A word, a blurb on every Toronto Raptor before the season – Part 3

17 mins read
Credit: Alex Tansley, https://www.instagram.com/tansley24

A continuation of part 1 and 2.

Consider this a data dump of sorts to catch you up on the team this year. These are ready made packets of analysis and wisdom you can take directly to the water cooler, your friends, and perhaps even your enemies (make them feel stupid and small with your nuanced Svi Mykhailiuk takes). Enjoy!

Svi Mykhailiuk

Every once in awhile a player falls to the wayside of minimum contract territory, despite possessing the talent – and ability to apply that talent in meaningful ways – to become a much higher earner in the NBA. When given the opportunity, those players turn teams into launchpads. Mykhailiuk is ready for launch. Not only does he have a claim to “nicest surprise”, but he’s looked like one of the best players on the floor every time he’s touched it. This year is a pitstop in minimum territory for him, and he’s going to punch way above his contract for the Raptors.

In a Nurse offense that has been asking for dynamic reads from players for a couple years now (and has been a little short on structure), Mykhailiuk’s rapid processing of the floor and where to put himself has made him an agent of opportunity. Cutting into buckets for himself, dragging help-side defenders out of driving lanes for others, give-and-go’s, gritty and brutish brush screens – and with a jumper. Mykhailiuk looks every part of a ‘plug and play’ guy. Not to mention the little flashes of on-ball viability. He’s dribbled out of trouble before dishing dimes, and he’s dribbled into space to find himself a jumper. He looks the part of a player who you’d have no qualms with running a pick n’ roll with 10 seconds on the shot clock.

Defensively, Mykhailiuk doesn’t have tremendous footspeed to stonewall drives, but the same sense for reads he has on offense do translate somewhat to defense. He’s pretty aware on that end, is clearly high effort, big for his position, and pretty strong. Those are the trappings of a player who won’t wow you defensively, but has the ability to exist in good defenses all the time. In his NBA career thus far he’s spent time on what might be the most chaotic team every year – LeBron James’ first year in LA, then the Pistons, then OKC – so it’s tough to take any defensive metrics into account. This year is a huge proving ground for him.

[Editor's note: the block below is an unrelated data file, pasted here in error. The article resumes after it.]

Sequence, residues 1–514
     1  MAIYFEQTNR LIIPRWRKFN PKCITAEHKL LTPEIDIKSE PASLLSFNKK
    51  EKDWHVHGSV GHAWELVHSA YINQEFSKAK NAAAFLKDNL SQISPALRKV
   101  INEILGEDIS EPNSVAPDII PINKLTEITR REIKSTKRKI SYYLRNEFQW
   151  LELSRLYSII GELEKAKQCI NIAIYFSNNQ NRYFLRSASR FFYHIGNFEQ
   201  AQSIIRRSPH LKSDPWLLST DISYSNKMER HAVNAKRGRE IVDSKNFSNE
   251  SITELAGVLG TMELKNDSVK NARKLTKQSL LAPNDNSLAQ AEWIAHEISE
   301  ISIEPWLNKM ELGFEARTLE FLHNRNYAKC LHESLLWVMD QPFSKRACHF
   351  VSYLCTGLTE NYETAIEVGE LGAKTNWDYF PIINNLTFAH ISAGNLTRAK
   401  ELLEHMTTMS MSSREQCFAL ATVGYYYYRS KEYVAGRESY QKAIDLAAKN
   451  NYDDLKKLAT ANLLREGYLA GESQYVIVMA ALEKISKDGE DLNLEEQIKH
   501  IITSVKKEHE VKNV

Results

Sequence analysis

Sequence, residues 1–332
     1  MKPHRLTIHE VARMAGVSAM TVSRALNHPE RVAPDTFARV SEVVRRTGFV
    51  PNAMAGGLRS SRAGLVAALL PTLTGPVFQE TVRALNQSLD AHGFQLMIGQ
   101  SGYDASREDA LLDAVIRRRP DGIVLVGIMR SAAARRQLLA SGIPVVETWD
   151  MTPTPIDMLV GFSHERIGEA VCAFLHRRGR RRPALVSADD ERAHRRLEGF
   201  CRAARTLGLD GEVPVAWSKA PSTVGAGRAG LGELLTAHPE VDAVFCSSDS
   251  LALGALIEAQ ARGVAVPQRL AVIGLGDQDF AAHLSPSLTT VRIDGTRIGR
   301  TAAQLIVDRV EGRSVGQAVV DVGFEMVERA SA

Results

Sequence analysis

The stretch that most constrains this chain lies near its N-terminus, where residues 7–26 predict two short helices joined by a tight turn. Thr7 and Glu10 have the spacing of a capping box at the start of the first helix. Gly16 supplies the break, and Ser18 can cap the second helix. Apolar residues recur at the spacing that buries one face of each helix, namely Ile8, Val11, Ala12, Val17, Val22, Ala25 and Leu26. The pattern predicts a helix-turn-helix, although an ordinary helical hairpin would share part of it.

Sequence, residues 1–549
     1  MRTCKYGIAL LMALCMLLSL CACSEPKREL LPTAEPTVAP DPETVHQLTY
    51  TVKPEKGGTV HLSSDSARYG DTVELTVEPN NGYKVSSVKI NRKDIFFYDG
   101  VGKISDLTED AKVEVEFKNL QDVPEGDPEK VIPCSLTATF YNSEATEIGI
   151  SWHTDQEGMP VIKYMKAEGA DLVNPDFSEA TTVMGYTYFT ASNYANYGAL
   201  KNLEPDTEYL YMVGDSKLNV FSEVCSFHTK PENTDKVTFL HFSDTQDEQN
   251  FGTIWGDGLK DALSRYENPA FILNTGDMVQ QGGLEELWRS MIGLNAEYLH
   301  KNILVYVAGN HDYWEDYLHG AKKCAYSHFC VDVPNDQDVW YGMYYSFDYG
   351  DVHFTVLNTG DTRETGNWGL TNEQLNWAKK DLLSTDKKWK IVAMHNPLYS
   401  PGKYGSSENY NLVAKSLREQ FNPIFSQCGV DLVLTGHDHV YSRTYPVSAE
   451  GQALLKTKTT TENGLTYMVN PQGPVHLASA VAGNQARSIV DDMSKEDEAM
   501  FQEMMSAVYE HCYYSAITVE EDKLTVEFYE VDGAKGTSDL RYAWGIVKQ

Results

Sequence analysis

Lastly, as I wrote up there, Mykhailiuk hasn’t been put in a positive basketball context yet in his career. The types of heady reads he makes become significantly more potent when he plays with teammates who can recognize his movement and help make teams pay for it. The advantages compound. No longer is he just a shooter trying to find minutes next to James, or an outclassed pick n’ roll creator on an OKC team that wants desperately to lose. The stage is set for Mykhailiuk to paint a mosaic of his strengths with the Raptors this year.

Justin Champagnie

A person who is at hand whenever needed. A ‘Johnny on the spot’, as it were. Players like Champagnie will always pop on screen because they wiggle their way around the court into advantageous positions almost by habit. I like Jaren Jackson Jr. a lot, but he makes 5 boards a game look really difficult. Champagnie’s reads make it seem like he has a magnet on his person that attracts basketballs. I’ve always wondered if it’s easier for an incredible rebounding guard/wing (at the college level) to translate that to the NBA, than it is for a big with the same skillset (relatively speaking, of course.) It should be mildly surprising to see a player like Champagnie come in and swipe 10 boards in just over 20 minutes, but it’s much less so when you watch him at Pitt (shoutout lewro) grabbing a mammoth 11 per game.